News:Sustainable buildings worth their weight in gold

Martina Magnet

by Martina Magnet

A prime example of sustainable building design: the Innovation Centre at the ZÜBLIN campus in Stuttgart.

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Most people know that energy-saving buildings lead to lower costs. That’s nothing new. What is new is that the market value of a building may even increase following award of an official sustainability certificate, as a recent study by property service provider and investor CBRE now shows.

Good news for the environment, but also for property owners: investments in sustainable properties are increasingly paying off. On average, possession of sustainability certification leads to a 7% higher rental performance, with a plus of 10% in Vienna and 11% in Düsseldorf. In Berlin, Frankfurt am Main, Hamburg and Munich, on the other hand, the plus is below this average. CBRE looked at buildings of similar size, location, age and renovation history in 40 European cities for its comparison group. A similar study conducted last year showed a “sustainability bonus” of 5.5%.

According to the study, sustainability certification had a positive impact on cash flow–relevant factors such as rental growth rate, occupancy rate, depreciation and yields. In the period under review, from the first half of 2019 to the first half of 2023, the percentage of sustainability-certified office buildings rose from 15% to 22%. In German-speaking cities, however, with the exception of Frankfurt, this figure was well below average. Looking at the project pipelines, further growth can be expected. The study also clearly indicates that demand exists. Just over one third of all office space actually let is already located in buildings certified as sustainable, a higher proportion than the share of certified space in the overall building stock.

Legal certainty is essential

As tenants are increasingly looking for energy-efficient properties, building owners who organise their portfolios accordingly as early as possible stand to benefit the most from this development. Nevertheless, the decision to strive for official certification is often made quite late in the project development process. The authors of the study attribute this primarily to the often-uncertain legal situation, as the legal criteria that have to be fulfilled gradually become stricter and must often be met within very short periods of time. This means that a development which receives an official seal of approval today may be outdated just a few years or months down the line. Ever stricter requirements represent progress from an environmental point of view, but from an economic point of view they harbour certain risks.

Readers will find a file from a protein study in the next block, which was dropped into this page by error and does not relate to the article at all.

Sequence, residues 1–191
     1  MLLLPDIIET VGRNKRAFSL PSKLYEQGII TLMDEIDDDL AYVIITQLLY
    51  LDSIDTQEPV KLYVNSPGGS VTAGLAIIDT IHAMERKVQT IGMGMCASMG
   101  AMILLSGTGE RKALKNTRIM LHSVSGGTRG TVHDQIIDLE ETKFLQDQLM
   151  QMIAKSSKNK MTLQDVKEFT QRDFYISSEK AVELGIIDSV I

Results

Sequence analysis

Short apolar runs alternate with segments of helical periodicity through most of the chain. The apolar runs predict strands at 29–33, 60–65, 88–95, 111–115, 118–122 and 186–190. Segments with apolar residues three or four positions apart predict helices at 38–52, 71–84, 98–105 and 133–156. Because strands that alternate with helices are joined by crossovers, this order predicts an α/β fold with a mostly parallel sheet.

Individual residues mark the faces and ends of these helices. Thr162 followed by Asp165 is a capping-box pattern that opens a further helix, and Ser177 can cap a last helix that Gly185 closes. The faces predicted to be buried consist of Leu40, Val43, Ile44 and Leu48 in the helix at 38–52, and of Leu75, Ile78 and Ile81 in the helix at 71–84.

Location remains key

Sustainability may have become an important factor for office tenants, but it is not the sole deciding criterion. In locations that are considered less attractive, the vacancy rate for certified and non-certified properties is comparably high. The study looked at office properties in 40 cities in 19 European countries. CBRE analysed a total of 19,400 rental agreements, of which 6,100 were for certified properties and 13,300 for non-certified properties. In Vienna, the number of contracts analysed was 1,200.

STRABAG: driving sustainability and economic success

The results of the study confirm the path that STRABAG has taken with its Strategy 2030: to promote environmental sustainability within the company and in the construction industry as a way to secure and expand business success in the long term. “We are digitalising where it makes sense, significantly reducing our carbon emissions and using environmentally friendly, recyclable materials. Our focus is clear: to become climate neutral as quickly as possible, to offer attractive products for investors and our customers while remaining economically viable,” says Herwig Schwarz, Head of STRABAG Real Estate.


Martina Magnet

Martina Magnet

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